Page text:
On July 28, 2020, CURA presented the second entry to our “The Art of Advocacy” webinar series, Choosing Your Battles: A Framework for Developing Strategic Advocacy Priorities. The following speakers weighed in on strategies for prioritization to help organizations successfully achieve their advocacy goals:
- Natalie Tietjen, Manager of Federal Policy, American Foundation for Suicide Prevention
- Anne Woodbury, Co-Founder and CEO, CURA Strategies
- Scott Leezer, Vice President of Government Relations, CURA Strategies
- Casey Dillon, Managing Supervisor, CURA Strategies
The webinar, now available for download covered how organizations should approach choosing an advocacy goal—a process neatly packaged in CURA’s proprietary Issue Prioritization Rubric—and evaluated a variety of case studies in how this approach was utilized to create successful campaigns. Read on for a summary of what we covered, and for helpful links to download resources to help you prioritize your advocacy goals.
The beginning of any good advocacy campaign is developing clear goals and initial strategies to accomplish them. However, deciding which advocacy priority an organization should undertake isn’t always readily apparent—this is where CURA’s Issue Prioritization Rubric comes in. Organizations should use this rubric to:
- Determine which issue to advocate for when there are multiple options and resource bandwidth is limited
- Justify the decision to advance (or not advance) a specific policy issue with internal leadership
- Identify the potential leverageable message points for an advocacy strategy
- Recognize the weaknesses of the issue against which to buttress
- Determine where additional research or information gathering is needed
After using the Issue Prioritization Rubric, organizations should have a clear picture of the strength of a given advocacy goal in the current political climate. The rubric, along with a recording of the presentation, is available for download here.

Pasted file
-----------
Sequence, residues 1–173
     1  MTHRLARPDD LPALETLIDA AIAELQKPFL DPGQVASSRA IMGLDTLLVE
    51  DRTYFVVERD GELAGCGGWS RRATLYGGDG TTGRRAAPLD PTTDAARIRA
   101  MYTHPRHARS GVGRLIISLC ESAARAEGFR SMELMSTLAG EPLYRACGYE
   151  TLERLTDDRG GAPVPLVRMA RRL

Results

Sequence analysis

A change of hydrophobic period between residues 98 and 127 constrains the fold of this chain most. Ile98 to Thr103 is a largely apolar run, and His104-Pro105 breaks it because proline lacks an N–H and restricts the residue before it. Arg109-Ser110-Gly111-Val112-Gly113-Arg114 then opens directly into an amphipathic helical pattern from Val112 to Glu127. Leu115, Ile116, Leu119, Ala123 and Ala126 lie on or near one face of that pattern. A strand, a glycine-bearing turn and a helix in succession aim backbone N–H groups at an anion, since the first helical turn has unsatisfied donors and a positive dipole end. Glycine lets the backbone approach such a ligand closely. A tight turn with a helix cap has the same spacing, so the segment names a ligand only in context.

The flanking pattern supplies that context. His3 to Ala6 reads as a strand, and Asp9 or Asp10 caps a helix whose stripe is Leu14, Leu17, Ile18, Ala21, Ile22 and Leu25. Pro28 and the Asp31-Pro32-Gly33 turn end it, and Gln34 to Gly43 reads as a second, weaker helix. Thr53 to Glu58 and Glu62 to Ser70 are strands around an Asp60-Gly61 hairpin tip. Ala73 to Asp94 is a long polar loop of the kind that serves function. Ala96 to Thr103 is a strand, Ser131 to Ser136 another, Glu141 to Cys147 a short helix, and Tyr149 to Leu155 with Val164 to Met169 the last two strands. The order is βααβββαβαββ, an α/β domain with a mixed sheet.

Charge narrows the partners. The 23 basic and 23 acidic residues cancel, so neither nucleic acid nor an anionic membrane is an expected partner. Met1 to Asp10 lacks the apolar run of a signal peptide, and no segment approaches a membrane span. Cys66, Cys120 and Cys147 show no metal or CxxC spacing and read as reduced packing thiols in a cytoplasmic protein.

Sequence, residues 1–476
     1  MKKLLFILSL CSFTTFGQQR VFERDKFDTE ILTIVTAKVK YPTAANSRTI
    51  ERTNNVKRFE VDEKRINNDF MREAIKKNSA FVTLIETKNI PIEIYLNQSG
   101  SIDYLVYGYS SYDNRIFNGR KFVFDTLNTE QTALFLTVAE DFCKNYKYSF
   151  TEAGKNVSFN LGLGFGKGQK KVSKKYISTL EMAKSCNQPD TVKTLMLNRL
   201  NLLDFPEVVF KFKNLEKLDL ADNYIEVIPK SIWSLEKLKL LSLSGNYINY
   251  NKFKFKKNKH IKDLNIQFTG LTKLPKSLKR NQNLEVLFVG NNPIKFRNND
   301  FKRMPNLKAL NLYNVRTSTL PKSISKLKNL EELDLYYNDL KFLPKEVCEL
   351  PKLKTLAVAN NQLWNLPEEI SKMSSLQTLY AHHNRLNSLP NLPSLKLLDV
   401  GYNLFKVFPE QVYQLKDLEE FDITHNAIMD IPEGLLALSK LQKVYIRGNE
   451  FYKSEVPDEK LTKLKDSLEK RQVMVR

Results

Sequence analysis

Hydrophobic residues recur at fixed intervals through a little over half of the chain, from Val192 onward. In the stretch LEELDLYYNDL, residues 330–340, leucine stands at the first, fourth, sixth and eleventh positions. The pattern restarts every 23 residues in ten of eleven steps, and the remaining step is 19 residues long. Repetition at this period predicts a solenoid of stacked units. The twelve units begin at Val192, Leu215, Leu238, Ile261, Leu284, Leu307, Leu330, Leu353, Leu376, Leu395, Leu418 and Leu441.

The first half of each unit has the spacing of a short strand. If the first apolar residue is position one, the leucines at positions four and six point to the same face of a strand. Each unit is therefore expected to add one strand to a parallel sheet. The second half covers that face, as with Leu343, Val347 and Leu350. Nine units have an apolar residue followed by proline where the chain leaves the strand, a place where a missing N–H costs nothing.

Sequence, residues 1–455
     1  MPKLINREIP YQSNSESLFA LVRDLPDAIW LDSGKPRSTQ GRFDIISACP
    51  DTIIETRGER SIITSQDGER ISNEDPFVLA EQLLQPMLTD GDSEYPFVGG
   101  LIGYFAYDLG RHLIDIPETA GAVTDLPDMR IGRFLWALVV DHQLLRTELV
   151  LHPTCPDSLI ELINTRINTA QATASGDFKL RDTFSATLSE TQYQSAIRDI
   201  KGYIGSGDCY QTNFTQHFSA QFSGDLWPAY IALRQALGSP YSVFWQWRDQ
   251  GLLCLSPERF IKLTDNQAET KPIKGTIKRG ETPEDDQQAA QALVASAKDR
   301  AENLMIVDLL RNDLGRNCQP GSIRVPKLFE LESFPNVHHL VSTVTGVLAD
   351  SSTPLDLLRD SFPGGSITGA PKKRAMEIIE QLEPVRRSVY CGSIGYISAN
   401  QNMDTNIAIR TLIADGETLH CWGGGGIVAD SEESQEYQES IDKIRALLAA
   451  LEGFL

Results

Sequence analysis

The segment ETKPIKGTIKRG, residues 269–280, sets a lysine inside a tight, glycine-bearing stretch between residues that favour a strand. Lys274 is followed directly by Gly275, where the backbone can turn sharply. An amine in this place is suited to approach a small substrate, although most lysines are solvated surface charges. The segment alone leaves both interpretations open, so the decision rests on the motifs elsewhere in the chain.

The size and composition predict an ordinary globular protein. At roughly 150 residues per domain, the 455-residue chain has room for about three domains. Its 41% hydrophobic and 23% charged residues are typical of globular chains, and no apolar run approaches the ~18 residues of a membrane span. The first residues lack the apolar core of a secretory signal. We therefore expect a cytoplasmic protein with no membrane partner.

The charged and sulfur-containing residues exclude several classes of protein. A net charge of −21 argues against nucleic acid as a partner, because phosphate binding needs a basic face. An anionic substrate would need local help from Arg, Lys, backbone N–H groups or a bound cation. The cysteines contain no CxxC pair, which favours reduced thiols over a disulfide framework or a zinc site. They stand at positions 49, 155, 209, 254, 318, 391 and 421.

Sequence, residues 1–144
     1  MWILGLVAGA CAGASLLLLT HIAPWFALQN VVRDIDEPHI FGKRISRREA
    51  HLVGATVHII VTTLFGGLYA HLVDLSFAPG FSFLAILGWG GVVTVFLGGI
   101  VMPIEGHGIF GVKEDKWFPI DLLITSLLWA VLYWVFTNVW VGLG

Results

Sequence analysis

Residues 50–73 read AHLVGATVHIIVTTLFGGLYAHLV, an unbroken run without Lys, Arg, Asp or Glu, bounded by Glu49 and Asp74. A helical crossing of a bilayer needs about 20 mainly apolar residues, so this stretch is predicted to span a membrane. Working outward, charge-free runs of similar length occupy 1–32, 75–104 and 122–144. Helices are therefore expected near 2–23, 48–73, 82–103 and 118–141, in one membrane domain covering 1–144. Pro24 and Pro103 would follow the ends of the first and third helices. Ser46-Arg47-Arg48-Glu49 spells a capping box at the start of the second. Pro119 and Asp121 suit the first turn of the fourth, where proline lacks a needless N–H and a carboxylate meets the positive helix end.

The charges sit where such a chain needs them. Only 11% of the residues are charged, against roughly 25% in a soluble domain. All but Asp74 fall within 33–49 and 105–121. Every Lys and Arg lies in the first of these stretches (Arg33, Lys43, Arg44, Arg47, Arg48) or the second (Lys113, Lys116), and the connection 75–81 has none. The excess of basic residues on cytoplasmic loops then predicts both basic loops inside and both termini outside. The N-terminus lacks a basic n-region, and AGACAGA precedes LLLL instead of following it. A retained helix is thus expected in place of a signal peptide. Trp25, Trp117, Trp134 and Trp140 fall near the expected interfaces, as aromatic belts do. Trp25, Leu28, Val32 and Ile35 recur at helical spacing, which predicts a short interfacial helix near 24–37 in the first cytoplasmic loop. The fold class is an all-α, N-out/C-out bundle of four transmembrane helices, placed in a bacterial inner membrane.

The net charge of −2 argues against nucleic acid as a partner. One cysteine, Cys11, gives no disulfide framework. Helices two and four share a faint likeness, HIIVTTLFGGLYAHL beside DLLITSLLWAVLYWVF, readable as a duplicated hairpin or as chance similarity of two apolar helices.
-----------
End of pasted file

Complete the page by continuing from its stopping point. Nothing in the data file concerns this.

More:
The CURA team covered two notable client examples of the power of strategic advocacy issue prioritization: ensuring Medicare coverage for opioid treatment programs with Advocates for Opioid Recovery (AOR); and expanding federal pediatric cardiomyopathy research with the Children’s Cardiomyopathy Foundation (CCF). In both cases, the organizations had overarching goals—expanding access to opioid use disorder treatment and supporting families whose children are affected by cardiomyopathy, respectively. However, each needed to land on a specific, tenable policy goal—which is where CURA’s Issue Prioritization Rubric came in. It not only helped CURA and the organization decide on a single “winnable” goal, it also helped shape the strategy and messaging of each campaign. Each case was a success—opioid treatment programs are now covered by Medicare, and our advocacy on behalf of CCF has led to more than $37 million in federal research funding for cardiomyopathy.
Partner Spotlight: American Foundation for Suicide Prevention (AFSP)
AFSP, an organization dedicated to saving lives and bringing hope to those affected by suicide, has won a variety of advocacy victories at both the federal and state levels, including the passage of the National Suicide Hotline Improvement Act, mandatory suicide prevention training and policies for schools and mental health parity in insurance coverage. AFSP updates their policy priorities every two years for each new Congress through a system of internal review. The priorities are initially crafted based on the policy landscape (which can vary at the state level), overall interests of the organization and the needs of the population.
A recording of the webinar, as well as CURA’s Issue Prioritization Rubric, are available for download here.
The Art of Advocacy is a webinar series spanning summer and fall 2020, offering a look at CURA’s “secret sauce” for our integrated approach to public affairs with a focus on government relations and advocacy engagement. You can find upcoming webinar dates and more information on the series here.
Finally, don’t forget to register for our next webinar: Thought Leadership is Dead: Long Live Thought Partnership, on August 25.